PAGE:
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Improve Collaboration by Understanding Natural Human Instincts

Last January, I was lucky to have an article posted right here at BA Times.

How To Get Requirements From Resistant SMEs Part 3. It is about what to do when your SMEs clam up. It mentions using a person’s natural human instincts to get them talking. One of the hardest things to do as a professional is to put theory into practice. I have been asked several times this year to elaborate on what I shared, by giving examples or case studies on How.

First let’s do a quick refresher, the FBI and Homeland Security states that these are the natural human instincts that trigger people to share information.

  • A desire to appear well informed, especially about our profession
  • A desire to feel appreciated and believe we are contributing to something important
  • A tendency to expand on a topic when given praise or encouragement; to show off
  • A tendency to correct others
  • A desire to convert someone to our opinion

Part of the reason people struggle with practical application is because you have to create a scenario that triggers someone to act on their instincts. I will share several examples or case studies that show you how others have successfully applied these techniques.

A Desire To Appear Well Informed

1. In larger groups, meetings, or messages

  1. “Jack, it has been a few weeks since our last show and tell, before our developer shows you wants coming up, why don’t you give us a quick summary of how our last release helped your team?”
  2. “Today is all about coming up with new ways to help our production support team reduce their backlog of support tickets, before we get started, Harry can you tell us what solutions or bandaids your team is already using?”

2. In small group conversations

  1. “James, have you met Nicki? Nicki you can explain what your team does better than I can…”
  2. “Ok I include the two of you in a half an hour meeting before the brain storming session. I was hoping that the two of you, who have a vast amount of knowledge, would mind talking through the most important points before the team got here, so that the meeting has a bit of a head start.”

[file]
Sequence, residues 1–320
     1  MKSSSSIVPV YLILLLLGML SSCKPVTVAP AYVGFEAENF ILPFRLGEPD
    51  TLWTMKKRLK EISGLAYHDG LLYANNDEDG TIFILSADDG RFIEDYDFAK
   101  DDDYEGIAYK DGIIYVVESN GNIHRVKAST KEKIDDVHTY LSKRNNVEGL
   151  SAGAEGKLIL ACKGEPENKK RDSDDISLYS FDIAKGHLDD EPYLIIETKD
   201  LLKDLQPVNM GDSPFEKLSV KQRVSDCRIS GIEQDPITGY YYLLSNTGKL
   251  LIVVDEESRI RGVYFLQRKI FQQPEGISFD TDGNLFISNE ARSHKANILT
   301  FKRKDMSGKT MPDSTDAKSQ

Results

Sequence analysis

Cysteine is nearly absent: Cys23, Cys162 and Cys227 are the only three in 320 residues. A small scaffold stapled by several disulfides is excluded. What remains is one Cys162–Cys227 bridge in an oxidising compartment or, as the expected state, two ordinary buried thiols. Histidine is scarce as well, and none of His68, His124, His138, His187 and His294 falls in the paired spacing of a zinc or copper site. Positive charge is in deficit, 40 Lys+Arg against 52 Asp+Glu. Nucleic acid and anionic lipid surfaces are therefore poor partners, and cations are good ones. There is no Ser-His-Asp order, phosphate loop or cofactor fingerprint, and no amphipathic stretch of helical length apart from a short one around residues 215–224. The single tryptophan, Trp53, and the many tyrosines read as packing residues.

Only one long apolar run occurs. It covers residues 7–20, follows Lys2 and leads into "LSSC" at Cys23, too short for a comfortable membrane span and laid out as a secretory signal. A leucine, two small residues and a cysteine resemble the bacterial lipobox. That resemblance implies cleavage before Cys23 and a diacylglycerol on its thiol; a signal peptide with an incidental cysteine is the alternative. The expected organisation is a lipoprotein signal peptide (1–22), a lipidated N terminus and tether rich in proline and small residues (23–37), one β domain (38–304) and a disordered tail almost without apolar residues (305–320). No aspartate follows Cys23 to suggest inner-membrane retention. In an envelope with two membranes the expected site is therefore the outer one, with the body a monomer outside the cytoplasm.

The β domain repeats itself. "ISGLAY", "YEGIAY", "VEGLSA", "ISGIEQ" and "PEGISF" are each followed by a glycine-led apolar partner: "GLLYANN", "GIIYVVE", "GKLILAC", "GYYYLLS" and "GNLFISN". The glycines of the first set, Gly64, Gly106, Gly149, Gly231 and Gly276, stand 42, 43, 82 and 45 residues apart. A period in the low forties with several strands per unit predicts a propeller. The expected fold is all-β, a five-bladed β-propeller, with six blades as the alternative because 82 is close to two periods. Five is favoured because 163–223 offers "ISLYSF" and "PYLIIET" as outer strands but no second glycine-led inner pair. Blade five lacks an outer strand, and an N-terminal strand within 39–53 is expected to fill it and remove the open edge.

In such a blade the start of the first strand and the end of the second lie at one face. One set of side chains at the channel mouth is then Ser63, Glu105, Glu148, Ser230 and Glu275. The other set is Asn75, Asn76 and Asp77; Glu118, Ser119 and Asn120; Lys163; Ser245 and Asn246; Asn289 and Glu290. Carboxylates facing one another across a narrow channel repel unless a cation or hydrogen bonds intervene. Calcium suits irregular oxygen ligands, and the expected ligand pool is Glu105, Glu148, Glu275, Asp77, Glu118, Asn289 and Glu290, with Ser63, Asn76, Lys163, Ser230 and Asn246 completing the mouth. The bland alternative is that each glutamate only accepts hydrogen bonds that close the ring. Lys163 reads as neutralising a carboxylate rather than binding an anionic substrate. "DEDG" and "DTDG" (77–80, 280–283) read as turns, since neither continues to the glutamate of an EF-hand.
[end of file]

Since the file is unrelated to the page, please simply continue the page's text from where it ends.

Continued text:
3. “Milly, we are about to go into another grooming session…which is going to end in you having to make all of the decisions any way. Can you do a quick pass before the meeting so that we don’t waste time going into detailed conversation for something you already know the priority for?”


A Desire To Contribute or Be Appreciated

  1. “Jonas, I just got out of a planning meeting and they finally approved us to start working on the improvements you guys have been asking for. Would you mind being my goto expert? I need someone who can help me focus on this from a user’s point of view.”
  2. Meeting Invite: I know we normally have James, Calvin, and Sanya in our kick off meetings but I have also added Stacey. I have noticed that when a lead from UX is involved from the beginning, we spend less time reworking usability issues from user acceptance.

A Tendency to Expand On A Topic

  1. “Greg that seems important to talk about, but not here in stand up. Why don’t we finish up the daily meeting and then can most of you guys stay on the line so Greg can explain the issue in detail and we can decide as a team what to do.”
  2. “Jeremy, let’s switch gears for just a minute. Instead of starting with a list of changes, can you tell me a little about what your team has accomplished recently and what they are looking to accomplish and improve on in the next cycle?”…”Ok now can we map those goals and accomplishments to the items in the list to see which ones should float to the top?”

A Tendency to Correct Others

  1. “So I hear your team would rather start from scratch learning a new system, than deal with the issues you are dealing with today.”
  2. “I am telling you the report is wrong, everytime I rerun it, it looks exactly the same!” “Oh so you are saying the report should always change each time you run it?”
  3. “James, can you do me a favor? Can you job shadow Erica and then share with me what she could do in her processes to be more efficient?”

A desire to convert someone to our opinion

  1. “Harry, can you tell Madu what you told us the other day. I may not have explained it right, but Madu completely disagreed with us.”
  2.  “Why is this so important that my team has to work 10 hours plus a day and work on the weekends?”

These are just a few examples, but I hope they inspire you to engage that reluctant SME or Stakeholder by triggering their Natural Human Instincts.